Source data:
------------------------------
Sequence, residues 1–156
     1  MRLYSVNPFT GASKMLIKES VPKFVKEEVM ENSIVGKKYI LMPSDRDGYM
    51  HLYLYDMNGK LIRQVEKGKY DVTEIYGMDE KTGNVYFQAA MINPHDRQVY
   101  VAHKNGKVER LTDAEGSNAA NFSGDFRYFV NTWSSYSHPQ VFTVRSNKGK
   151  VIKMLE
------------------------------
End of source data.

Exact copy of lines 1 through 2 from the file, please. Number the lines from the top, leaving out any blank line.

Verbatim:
Sequence, residues 1–156
     1  MRLYSVNPFT GASKMLIKES VPKFVKEEVM ENSIVGKKYI LMPSDRDGYM